Classical literature, including Greek and Roman mythology, includes numerous examples of close male friendship. The specific perspective of the Greeks and Romans on same-sex relationships is supported by various mythological situations, where the hero must rely on the help of a trusted male companion or other such stories. The reason for such attitude can be found in the patriarchal culture and the dominant role of free adult males in the Greek and Roman social life. Moreover, male friendship was considered to be a positive concept for the society and was encouraged in the culture. This paper seeks to further expand this thesis and find examples in history and mythology to prove it.
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In Ancient Greece, the social order was largely patriarchal, which meant that the male social roles were often prevailing. Boys lived in women’s quarters but were obliged to attend the gymnasium with their peers to study various disciplines, including physical education. Although the culture of courting younger boys was socially accepted and even encouraged, adding to the concept of preparation for future manhood and war, sexual intercourse was not always the unique outcome of this practice.
As the boys were separated from the society of women, except their own family, until they were coming of age, the occurrences of strong and enduring friendships among peers or boys of different ages were inevitable. The meaning of friendly relations in the life of an adult Greek man was significant; in fact, according to Barry Powell, “in the Archaic and Classical Periods, a man divided his social relations into clear camps of friends and enemies; a man was measured by the richness of gifts to his friends and the thorough punishment he gave to his enemies.”1.
It was a friend to whom the man could turn to in the time of trouble and on whom he could always rely in search for help and support against his enemies. Such attitude has found its reflection in mythology. For example, the some of the most well-known myth where the hero relies on his closest friend includes the story of Achilles and Patroclus of Homer’s “Iliad” or Heracles and Iolaus in the myth of Heracles Twelve Deeds.
The pattern of the story usually follows the folklore and incorporates some specific patterns. Powell notes that in this case, the pattern would be such that the hero’s best and truest companion is always another male. Although the researchers still argue whether the relationship between Achilles and Patroclus in Homer’s masterpiece was purely platonic, or they were actual lovers; still, it is evident that the emotions of both men were strong and tender, and the grief and rage of Achilles after Patroclus’ death could be easily explained from both points of view.
In ancient Rome, however, the concept of friendship did not change much from the views of Greeks but rather developed and extended it to other areas of social life. The idea of friendship in Rome also included specific types of relationships, such as patronage, where deference existed between unequal individuals. Friendships were formed due to usefulness, desire for camaraderie, or mutual affinity.
Sometimes in various researches, it is also mentioned that friendship in Rome, probably even more often than in Greece, was encouraged between comrades-in-arms who were thought to fight better with a friend by their side and avenge one’s death with double efforts, like mythological Achilles. Some of the stories depicting male friendship and relations include the myths about Nisus and Euryalus, the part of the “Aeneid” by Vergil, as well as Damon and Pythias, the legend, which was thought to describe an ideal friendship by Pythagoras. Another pair of friends who were sometimes mentioned in Roman literature was Orestes and Pylades, from the Greek myth of Orestes, son of Clytemnestra and Agamemnon.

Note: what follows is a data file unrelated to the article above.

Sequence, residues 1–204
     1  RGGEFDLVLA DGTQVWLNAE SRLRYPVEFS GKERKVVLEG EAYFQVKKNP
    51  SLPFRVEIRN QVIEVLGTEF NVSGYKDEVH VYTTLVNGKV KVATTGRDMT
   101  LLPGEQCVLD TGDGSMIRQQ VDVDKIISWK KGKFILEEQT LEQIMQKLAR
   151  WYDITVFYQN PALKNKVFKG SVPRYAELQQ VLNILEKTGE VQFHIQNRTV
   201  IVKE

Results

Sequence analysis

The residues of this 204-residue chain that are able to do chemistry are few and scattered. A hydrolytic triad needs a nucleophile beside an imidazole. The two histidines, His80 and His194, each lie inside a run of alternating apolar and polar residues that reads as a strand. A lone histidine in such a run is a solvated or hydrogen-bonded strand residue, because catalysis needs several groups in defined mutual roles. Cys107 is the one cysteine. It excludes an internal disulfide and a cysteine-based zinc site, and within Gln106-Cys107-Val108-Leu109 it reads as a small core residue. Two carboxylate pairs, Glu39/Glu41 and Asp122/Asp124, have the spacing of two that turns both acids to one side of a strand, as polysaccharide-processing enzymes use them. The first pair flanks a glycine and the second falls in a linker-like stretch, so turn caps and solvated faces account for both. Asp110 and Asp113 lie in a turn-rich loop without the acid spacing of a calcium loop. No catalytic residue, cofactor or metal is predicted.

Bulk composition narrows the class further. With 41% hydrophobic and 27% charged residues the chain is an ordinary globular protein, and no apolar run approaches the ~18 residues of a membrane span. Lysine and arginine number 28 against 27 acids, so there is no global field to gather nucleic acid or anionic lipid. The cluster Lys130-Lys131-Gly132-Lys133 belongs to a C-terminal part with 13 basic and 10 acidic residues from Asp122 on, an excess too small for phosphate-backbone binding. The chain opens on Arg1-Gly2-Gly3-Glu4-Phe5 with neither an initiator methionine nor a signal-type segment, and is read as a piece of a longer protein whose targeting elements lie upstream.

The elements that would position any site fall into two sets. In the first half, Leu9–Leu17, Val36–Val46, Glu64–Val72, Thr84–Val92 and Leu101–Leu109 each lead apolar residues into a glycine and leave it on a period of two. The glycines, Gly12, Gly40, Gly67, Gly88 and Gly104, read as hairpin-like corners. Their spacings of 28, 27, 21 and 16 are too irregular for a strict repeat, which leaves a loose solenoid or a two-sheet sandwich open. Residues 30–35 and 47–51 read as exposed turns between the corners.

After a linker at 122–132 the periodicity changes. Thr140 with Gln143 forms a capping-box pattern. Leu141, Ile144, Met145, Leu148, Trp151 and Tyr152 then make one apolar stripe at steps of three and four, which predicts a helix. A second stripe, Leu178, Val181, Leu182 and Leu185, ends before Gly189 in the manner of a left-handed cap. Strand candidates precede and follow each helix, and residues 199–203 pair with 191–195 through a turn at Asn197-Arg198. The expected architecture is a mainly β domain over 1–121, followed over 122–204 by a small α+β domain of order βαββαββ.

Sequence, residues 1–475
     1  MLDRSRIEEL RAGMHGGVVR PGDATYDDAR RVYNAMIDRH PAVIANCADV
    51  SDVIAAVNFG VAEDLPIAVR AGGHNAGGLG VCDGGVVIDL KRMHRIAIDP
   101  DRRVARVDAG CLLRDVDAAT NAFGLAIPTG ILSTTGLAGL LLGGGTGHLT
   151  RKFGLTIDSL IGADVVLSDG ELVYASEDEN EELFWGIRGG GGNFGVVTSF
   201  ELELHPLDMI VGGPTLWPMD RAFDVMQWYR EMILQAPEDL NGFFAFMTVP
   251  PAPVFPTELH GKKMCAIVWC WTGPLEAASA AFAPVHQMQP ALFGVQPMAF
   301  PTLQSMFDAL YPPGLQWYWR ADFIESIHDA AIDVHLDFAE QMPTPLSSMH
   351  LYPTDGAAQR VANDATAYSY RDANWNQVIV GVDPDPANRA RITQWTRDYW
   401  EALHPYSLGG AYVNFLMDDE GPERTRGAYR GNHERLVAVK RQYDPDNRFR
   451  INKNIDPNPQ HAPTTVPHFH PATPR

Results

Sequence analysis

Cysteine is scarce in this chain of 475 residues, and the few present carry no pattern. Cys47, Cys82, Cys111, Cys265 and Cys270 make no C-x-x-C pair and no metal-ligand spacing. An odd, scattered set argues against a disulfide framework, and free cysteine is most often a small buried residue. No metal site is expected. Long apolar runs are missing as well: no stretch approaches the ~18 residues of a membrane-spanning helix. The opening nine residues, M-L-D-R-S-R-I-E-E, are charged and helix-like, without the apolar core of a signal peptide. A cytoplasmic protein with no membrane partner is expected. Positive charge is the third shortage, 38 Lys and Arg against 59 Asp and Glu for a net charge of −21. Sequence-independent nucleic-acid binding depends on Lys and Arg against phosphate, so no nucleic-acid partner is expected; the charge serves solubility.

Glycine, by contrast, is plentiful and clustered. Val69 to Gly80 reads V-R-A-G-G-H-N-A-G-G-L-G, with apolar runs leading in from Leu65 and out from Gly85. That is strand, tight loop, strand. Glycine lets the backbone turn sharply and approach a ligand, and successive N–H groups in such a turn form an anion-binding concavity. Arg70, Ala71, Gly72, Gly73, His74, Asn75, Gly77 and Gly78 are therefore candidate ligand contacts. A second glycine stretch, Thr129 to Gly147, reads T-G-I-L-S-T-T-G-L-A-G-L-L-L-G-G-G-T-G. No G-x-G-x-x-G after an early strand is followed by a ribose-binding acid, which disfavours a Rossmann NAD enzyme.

All of these myths illustrate the concept of friendship and devotion of male companions, who are willing to give their lives for each other and try to follow their friends everywhere in their quests. These relationships are also often doubted to be purely platonic by nature; however, homosexuality in Ancient Rome was a concept taken not as lightly as in Greece, although the so-called Greek way was popular during several periods of Roman history. Just like patronage, the idea of homosexual relations relied heavily on the paradigm of domination, and for a free adult male, it could be shameful to be engaged in such a relationship. It is difficult to distinguish the ancient descriptions of friendship and love relationship from the modern point of view, as the Western mindset was largely influenced by Christian culture and ideology.
The patterns and archetypes in ancient mythology have been similar for many cultures and time periods. The myths of Greece and Rome bear similarity with ones of Mesopotamia and the Ancient Middle East. Being highly patriarchal, these cultures would often pick the mythological patterns that could best serve the purposes of explaining the way things went in everyday life and of setting the right order of things in the mindset of every citizen.
However, this was not the only, and probably not the primary goal of male friendship pattern in mythology. Friendship and companionship, as well as love and devotion, were considered to be positive emotions, and usefulness to a companion was also able to ensure the stability of the society in general. The myths praised what was thought to be good and right, proposing the examples of true friendship that survived through the ages until the present day.
Powell, Barry. A Short Introduction to Classical Myth. Upper Saddle River, NJ: Pearson Education, 2002.
- Barry Powell, A Short Introduction to Classical Myth (Upper Saddle River, NJ: Pearson Education, 2002), 161.